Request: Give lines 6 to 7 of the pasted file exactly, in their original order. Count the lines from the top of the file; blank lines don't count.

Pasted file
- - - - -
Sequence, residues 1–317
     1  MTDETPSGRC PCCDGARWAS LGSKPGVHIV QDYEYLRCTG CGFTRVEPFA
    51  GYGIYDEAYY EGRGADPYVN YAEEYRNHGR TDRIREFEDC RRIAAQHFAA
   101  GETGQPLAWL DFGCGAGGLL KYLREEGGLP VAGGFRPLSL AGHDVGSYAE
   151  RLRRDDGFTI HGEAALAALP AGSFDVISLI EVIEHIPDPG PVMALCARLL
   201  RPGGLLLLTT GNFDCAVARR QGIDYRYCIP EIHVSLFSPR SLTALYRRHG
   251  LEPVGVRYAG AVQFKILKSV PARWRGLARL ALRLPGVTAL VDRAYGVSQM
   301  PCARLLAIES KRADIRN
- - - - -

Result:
   201  RPGGLLLLTT GNFDCAVARR QGIDYRYCIP EIHVSLFSPR SLTALYRRHG
   251  LEPVGVRYAG AVQFKILKSV PARWRGLARL ALRLPGVTAL VDRAYGVSQM